Reusing wastewater for irrigation is not a pipe dream

It looks like Silverdale Water District has found a partner in its quest to turn wastewater into irrigation water, supplying some of the largest water users in Central Kitsap.

The reclaimed water could be used to water ball fields, supply industrial operations, enhance streams and wetlands, and maintain the levels of Island Lake.

Central Kitsap Wastewater Treatment Plant / Kitsap County photo

So far, no financial commitment has been requested from Kitsap County, as I point out in a story in today’s Kitsap Sun. If approved, the partnership between the county and water district would mean that the county will provide the wastewater from the Central Kitsap sewage-treatment plant and possibly allow installation of “purple pipe” alongside new sewer lines to be installed in the next two years. “Purple pipe” is shorthand for the conduit that carries reclaimed water.

Kitsap County is going into the design phase of a new sewer line south of the treatment plant near Brownsville. As proposed, Silverdale would pick up the extra cost of the design to consider installing purple pipe at the same time. Actually, delivery of reclaimed water could be years away, but everyone agrees that now is a good time to install the pipe.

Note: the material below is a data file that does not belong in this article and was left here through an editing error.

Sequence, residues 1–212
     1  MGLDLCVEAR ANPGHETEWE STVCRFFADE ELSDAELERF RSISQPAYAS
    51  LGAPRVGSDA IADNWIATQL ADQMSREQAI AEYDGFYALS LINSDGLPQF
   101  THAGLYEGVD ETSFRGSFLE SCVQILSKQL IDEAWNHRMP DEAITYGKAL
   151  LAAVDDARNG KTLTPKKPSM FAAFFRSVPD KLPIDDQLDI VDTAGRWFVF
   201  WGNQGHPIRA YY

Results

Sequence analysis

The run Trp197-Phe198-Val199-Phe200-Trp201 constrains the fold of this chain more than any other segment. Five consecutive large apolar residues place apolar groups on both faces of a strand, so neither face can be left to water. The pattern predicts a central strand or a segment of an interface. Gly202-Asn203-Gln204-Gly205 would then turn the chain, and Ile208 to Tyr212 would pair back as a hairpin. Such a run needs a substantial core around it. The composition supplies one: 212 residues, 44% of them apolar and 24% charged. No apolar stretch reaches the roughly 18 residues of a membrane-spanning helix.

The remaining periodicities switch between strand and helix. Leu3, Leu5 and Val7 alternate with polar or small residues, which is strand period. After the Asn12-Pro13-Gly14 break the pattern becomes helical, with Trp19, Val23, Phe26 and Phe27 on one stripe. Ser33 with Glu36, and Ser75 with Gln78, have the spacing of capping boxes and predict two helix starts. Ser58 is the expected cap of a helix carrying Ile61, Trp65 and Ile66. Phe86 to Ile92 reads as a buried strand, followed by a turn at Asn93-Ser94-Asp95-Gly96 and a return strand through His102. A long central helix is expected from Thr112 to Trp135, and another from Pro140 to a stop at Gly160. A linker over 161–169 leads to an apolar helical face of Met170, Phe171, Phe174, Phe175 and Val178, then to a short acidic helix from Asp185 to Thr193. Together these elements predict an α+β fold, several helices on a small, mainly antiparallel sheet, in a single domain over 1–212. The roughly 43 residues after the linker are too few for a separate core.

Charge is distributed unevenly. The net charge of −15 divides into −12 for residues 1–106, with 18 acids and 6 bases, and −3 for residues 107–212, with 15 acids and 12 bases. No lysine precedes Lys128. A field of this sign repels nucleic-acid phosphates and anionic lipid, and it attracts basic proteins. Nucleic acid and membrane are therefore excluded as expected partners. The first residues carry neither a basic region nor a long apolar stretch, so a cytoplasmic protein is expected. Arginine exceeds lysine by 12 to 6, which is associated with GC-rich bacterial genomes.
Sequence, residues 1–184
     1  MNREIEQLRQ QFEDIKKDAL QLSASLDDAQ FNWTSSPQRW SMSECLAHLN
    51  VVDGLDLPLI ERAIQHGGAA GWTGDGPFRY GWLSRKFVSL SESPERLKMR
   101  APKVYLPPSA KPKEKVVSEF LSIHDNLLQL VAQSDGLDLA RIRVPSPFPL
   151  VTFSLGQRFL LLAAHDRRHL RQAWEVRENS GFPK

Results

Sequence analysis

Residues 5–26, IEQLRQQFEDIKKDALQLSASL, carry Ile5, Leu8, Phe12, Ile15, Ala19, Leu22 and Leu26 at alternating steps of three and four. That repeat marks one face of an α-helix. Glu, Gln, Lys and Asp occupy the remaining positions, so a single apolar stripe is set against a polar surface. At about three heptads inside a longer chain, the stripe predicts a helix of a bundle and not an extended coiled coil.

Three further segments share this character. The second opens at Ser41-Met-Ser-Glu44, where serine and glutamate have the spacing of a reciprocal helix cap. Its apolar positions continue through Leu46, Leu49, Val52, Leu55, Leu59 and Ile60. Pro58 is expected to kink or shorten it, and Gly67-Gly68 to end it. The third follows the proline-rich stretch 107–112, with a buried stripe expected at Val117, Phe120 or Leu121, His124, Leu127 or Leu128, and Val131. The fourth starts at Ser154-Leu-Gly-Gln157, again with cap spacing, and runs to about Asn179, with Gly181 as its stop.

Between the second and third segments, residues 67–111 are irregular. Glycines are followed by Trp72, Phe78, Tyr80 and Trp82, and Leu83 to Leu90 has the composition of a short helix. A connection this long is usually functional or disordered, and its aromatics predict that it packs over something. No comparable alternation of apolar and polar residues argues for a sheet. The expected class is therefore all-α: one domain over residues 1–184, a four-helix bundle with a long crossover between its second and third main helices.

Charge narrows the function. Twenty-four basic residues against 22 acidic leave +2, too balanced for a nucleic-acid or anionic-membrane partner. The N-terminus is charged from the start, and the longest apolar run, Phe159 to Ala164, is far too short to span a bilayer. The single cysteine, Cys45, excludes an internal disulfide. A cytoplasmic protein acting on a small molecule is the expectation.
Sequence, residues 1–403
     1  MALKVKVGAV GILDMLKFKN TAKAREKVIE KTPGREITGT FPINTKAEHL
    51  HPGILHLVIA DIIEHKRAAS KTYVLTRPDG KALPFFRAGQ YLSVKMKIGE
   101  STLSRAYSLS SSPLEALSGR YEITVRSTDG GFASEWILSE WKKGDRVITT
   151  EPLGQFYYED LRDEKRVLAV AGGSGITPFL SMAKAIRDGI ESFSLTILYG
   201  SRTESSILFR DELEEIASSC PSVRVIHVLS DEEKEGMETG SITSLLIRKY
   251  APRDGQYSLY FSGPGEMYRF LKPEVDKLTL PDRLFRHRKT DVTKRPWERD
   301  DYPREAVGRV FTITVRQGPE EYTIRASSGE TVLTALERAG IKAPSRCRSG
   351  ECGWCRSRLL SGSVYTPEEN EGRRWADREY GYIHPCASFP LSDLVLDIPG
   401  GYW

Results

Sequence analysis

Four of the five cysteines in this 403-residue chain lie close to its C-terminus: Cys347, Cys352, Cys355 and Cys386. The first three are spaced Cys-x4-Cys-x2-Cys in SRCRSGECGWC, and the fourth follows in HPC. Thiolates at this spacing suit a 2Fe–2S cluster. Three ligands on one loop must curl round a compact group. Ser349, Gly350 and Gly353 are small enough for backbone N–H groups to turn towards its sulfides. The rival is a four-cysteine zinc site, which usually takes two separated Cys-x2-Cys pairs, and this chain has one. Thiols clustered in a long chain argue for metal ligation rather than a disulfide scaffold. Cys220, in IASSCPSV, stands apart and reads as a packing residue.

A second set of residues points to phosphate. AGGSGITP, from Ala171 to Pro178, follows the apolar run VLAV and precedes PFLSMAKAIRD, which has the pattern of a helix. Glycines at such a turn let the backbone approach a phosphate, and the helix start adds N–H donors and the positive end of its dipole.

A technical issue is how to lay the purple pipe in conjunction with a sewer line. State rules require a 10-foot separation between a sewer line and any pipe where the water is used for drinking or irrigation – even though irrigation pipes would be marked for non-drinking uses only.

With the 10-foot separation requirement, contractors would either have to dig an extra-wide trench or dig a second trench. Neither option would save the kind of money first envisioned by the piggyback approach, so officials are looking at a couple of other options. One is to seek a waiver that would allow a 5-foot separation, which is likely to be approved. The other is to “double-jacket” the purple pipe – essentially putting the reclaimed water line inside a larger pipe for added protection. With double-jacketing, the reclaimed water line could run right alongside the sewer line.

The bigger issue for county officials could be upgrading the CK treatment plant to produce water pure enough for irrigation and other uses. Silverdale Water District could pay for a new purification unit that picks up where the existing effluent comes out of the plant. Alternatively, Kitsap County could strive for increased purity as part of an overall upgrade of the treatment plant, which is expected to undergo improvements within the next 10 years. It’s a big issue because we could be talking about millions of dollars.

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